Desensitizing. It sounds a bit militaristic. I have seen this word used over and over again in reference to killers, terrorists, and those of us who consume meat in a balanced diet. The theory is that those who are constantly around perceived objectionable practices tend to lose their disdain for them. In other words, if you grew up hunting for food, you do not feel as ashamed as others wish you did. You are desensitized to the violence known as feeding yourself. I have some bad news for the self-sufficient. This is not a theory, but a fact. We can trace this effect through past generations, and see a startling reality about food perceptions.
We, who live on this planet as a combined group of beings who consume food to live, are gradually painting ourselves into a proverbial corner. I can be condemned for eating an apple. "Sorry, no, it was not organic". What a self-aggrandizing world do we live in. A generation ago folks pealed an apple, cut out any worm holes, bruises or defects, and ate what was left. Today, those of us who eat apples grown by conventional methods are prompted to feel beneath those who only eat a couple of untouched, pristine apples from the top of each tree. As far as they are concerned, the rest are good for compost piles.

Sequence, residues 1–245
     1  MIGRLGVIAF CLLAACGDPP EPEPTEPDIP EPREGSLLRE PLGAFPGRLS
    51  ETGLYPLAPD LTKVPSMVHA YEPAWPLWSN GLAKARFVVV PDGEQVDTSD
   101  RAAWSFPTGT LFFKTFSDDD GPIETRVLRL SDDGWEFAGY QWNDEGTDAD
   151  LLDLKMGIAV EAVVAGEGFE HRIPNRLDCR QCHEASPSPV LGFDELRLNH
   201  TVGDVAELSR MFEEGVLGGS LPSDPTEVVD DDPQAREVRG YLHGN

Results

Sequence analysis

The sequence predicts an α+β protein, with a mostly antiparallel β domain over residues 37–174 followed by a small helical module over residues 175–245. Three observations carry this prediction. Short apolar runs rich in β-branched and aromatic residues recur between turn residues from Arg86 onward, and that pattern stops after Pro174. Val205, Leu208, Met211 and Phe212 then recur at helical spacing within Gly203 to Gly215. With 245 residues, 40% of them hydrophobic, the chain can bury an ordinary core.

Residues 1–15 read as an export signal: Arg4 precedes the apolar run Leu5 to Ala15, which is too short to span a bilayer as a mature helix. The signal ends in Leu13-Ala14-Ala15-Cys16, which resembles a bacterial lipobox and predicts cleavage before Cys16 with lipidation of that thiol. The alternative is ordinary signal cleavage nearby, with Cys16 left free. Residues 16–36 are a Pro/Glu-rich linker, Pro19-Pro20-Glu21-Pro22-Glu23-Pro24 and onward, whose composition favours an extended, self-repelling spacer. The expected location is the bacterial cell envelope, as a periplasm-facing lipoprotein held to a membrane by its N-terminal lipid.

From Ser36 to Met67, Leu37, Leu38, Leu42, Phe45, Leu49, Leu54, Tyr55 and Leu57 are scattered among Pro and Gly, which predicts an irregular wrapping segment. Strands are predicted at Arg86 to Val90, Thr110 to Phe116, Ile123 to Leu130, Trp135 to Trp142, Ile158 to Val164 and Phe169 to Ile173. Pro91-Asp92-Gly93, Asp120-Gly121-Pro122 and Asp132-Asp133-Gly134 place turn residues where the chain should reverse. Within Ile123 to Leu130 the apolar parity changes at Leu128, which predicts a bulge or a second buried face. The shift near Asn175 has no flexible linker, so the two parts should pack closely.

When you buy chicken at the store, is it in the form of fillets or boneless skinless breasts? Have your kids ever eaten bone-in meat? Many haven't. They would be appalled to realize that chicken comes from a...um... chicken. My young niece recently declared her affinity for chicken nuggets. "What part of the chicken is that", I asked. After a short sidebar with her older sister, she exclaimed, "His nuggets!" Funny? Yes. I decided to drop the explanation until she is substantially older.
A woman recently filed a lawsuit because there was a skinned chicken foot in her store bought boneless-skinless chicken breast package. She claimed mental anguish and an inability to ever eat chicken again. The case should be thrown out. She couldn't eat chicken to start with! My grandmothers, aunts and uncles gnawed a chicken until there was nothing left but the cackle. We need to shed this belief that good food is only available after it has been industrialized.
There is a solution. Summer is here. Instead of feeding your kids flavored yogurt and mystery meat with a brown-crust-flavored substance, toss some pork steaks or chicken thighs on the old BBQ grill. (these are still some of the cheapest proteins out there) It doesn't have to be everyday, but think of the stir you will cause in the neighborhood when that seared chicken and hickory smoke smell wafts through the sub-division. Folks will step outside and warily aim their jealous noses into the wind. More importantly, you will be passing on an appreciation for real food to the next generation.